1.6 Parks Canada’s Role
Parks Canada has the responsibility to provide leadership and stewardship in protecting and presenting heritage areas of national significance. This means managing heritage areas under its jurisdiction to the highest standards and assisting and co-operating with others to protect and present other heritage areas of national significance.
The Stone Arch Dam at Jones Falls, Rideau Canal Photo Collection.
The largest dam in North America when constructed, it dramatically illustrates the need for large dams to constrict the “slackwater” canal system used to construct the Rideau Canal.
1.7 Legislative and Policy Basis for the Plan
The Parks Canada Agency Act extended the legislative requirement for preparing management plans to national historic sites, including historic canals, administered by Parks Canada with a requirement for a review every five years. Parks Canada’s programs are directed by the Guiding Principles and Operational Policies. This document explains how the federal government carries out its national programs of natural and cultural heritage recognition, protection and presentation. The following policy objectives from that document provide direction for the management of the Rideau Canal.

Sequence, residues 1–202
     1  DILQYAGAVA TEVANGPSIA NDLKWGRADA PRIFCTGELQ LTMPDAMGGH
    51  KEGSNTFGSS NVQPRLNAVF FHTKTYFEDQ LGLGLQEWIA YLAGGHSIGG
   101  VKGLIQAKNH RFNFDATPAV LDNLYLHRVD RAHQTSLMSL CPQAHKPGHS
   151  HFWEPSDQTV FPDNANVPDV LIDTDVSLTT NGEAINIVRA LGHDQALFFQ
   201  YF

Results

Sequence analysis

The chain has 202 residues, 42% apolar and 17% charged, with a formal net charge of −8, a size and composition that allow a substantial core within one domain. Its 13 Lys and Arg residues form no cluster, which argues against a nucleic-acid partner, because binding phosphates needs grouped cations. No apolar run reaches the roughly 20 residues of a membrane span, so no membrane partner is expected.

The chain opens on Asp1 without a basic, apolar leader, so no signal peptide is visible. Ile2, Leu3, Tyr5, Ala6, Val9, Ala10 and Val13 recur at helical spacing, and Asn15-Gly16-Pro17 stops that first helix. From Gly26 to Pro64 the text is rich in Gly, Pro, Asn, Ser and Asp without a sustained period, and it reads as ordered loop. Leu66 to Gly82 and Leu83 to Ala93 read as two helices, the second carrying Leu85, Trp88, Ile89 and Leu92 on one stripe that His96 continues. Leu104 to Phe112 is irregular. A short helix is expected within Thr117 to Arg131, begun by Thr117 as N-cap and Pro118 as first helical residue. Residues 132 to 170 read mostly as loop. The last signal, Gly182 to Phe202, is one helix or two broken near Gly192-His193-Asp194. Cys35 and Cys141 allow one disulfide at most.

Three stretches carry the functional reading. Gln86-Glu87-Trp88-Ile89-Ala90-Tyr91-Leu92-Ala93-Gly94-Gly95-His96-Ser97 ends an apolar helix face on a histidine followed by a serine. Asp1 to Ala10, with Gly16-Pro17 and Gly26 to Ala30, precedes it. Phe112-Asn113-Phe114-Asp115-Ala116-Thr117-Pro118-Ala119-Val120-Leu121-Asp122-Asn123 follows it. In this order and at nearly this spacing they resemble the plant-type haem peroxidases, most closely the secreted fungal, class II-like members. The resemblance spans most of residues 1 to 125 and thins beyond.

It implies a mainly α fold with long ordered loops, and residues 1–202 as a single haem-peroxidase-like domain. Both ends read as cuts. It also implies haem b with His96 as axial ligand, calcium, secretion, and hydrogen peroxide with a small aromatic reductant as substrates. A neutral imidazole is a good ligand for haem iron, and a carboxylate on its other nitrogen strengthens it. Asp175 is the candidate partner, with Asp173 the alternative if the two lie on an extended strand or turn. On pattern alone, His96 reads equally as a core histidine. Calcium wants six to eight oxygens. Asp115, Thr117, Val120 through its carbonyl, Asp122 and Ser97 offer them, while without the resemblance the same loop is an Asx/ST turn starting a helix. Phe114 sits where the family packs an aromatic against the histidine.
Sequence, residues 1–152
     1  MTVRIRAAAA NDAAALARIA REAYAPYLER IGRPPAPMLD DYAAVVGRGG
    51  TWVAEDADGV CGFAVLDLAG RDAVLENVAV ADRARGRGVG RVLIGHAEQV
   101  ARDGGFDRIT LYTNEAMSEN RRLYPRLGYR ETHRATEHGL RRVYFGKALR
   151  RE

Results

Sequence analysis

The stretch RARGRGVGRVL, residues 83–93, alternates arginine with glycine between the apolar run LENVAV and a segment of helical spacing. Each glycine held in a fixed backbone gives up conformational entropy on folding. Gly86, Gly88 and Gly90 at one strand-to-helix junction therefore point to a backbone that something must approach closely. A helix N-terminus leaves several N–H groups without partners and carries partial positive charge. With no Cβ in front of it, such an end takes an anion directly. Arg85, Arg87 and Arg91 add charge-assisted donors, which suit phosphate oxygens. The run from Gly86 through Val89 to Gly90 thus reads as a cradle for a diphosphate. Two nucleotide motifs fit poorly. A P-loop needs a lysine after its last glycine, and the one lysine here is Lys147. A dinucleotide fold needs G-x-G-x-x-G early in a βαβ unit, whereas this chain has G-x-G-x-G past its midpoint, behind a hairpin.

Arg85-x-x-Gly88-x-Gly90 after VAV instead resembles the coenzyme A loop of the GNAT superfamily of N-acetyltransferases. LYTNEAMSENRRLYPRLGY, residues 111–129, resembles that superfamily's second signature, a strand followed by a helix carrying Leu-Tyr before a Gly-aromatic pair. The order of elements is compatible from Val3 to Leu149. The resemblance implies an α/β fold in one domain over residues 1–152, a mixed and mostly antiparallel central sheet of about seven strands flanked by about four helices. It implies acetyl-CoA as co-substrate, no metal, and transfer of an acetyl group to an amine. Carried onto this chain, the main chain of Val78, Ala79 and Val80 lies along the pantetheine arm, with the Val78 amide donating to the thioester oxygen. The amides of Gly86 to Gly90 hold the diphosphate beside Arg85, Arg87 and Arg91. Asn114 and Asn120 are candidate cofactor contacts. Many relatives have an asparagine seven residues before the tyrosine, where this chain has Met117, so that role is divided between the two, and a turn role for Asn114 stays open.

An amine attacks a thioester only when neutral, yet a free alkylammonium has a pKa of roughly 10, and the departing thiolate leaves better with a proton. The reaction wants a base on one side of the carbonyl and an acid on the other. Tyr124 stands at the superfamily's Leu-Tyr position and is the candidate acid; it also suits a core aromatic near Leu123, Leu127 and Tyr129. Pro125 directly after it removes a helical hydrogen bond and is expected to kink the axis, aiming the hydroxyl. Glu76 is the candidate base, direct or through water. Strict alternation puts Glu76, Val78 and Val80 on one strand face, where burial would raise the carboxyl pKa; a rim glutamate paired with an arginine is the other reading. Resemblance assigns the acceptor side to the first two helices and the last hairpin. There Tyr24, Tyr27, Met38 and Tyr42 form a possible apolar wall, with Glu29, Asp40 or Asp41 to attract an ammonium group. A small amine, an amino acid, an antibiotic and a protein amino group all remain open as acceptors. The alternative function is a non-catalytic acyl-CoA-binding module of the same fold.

National Historic Sites Policy Objectives:
- to foster knowledge and appreciation of Canada’s past through a national program of historical commemoration;
- to ensure the commemorative integrity of national historic sites administered by Parks Canada by protecting and presenting them for the benefit, education and enjoyment of this and future generations, in a manner that respects the significant and irreplaceable legacy represented by these places and their associated resources; and
- to encourage and support the protection and presentation by others of places of national historic significance that are not administered by Parks Canada.
Historic Canals Policy Objective:
- to foster appreciation, enjoyment and understanding of Canada’s historic canals by providing for navigation; by managing cultural and natural resources for purposes of protection and presentation; and by encouraging appropriate uses.
Cultural Resource Management Policy Objective:
- to manage cultural resources administered by Parks Canada in accordance with the principles of value, public benefit, understanding, respect and integrity. All cultural resources under the stewardship of Parks Canada are managed in accordance with the Cultural Resource Management Policy.
Historic Canals Regulations:
- these regulations under the Department of Transport Act provide the regulatory framework for the management, use and protection of the Rideau Canal in accordance with the Historic Canals Policy and the Management Plan.
Canadian Heritage Rivers System Objective:
- to foster protection of outstanding examples of major river environments of Canada in a cooperative system of Canadian Heritage Rivers, and to encourage public understanding, appreciation and enjoyment of their human and natural heritage.
Brewers Lower Mill 1831-32, Thomas Burrows, Archives of Ontario
With masonry of lock nearly completed and excavation for Canal in progress, this sketch clearly shows the construction of a typical lock.
1.8 The Role of the Rideau Canal National Historic Site:
1.8.1 As part of Canada’s system of national historic sites: